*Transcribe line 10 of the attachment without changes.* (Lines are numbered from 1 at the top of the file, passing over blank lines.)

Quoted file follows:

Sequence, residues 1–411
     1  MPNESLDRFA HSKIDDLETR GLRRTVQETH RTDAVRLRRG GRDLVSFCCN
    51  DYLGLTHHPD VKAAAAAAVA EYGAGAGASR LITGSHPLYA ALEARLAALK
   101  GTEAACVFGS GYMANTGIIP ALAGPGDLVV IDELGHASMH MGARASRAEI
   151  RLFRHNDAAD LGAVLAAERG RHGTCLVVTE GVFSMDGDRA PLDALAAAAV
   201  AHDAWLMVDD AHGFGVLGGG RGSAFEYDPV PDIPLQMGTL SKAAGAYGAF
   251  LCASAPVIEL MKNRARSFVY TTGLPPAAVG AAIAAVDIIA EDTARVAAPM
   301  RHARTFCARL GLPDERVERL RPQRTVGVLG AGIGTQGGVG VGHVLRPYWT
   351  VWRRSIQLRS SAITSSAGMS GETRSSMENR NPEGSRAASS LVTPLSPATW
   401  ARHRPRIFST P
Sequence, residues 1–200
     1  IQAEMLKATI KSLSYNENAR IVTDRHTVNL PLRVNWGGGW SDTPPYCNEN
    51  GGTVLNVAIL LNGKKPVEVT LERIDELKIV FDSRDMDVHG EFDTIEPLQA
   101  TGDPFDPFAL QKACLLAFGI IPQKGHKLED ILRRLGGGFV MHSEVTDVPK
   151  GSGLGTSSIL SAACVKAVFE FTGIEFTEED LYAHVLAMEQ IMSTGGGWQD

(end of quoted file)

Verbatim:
   401  ARHRPRIFST P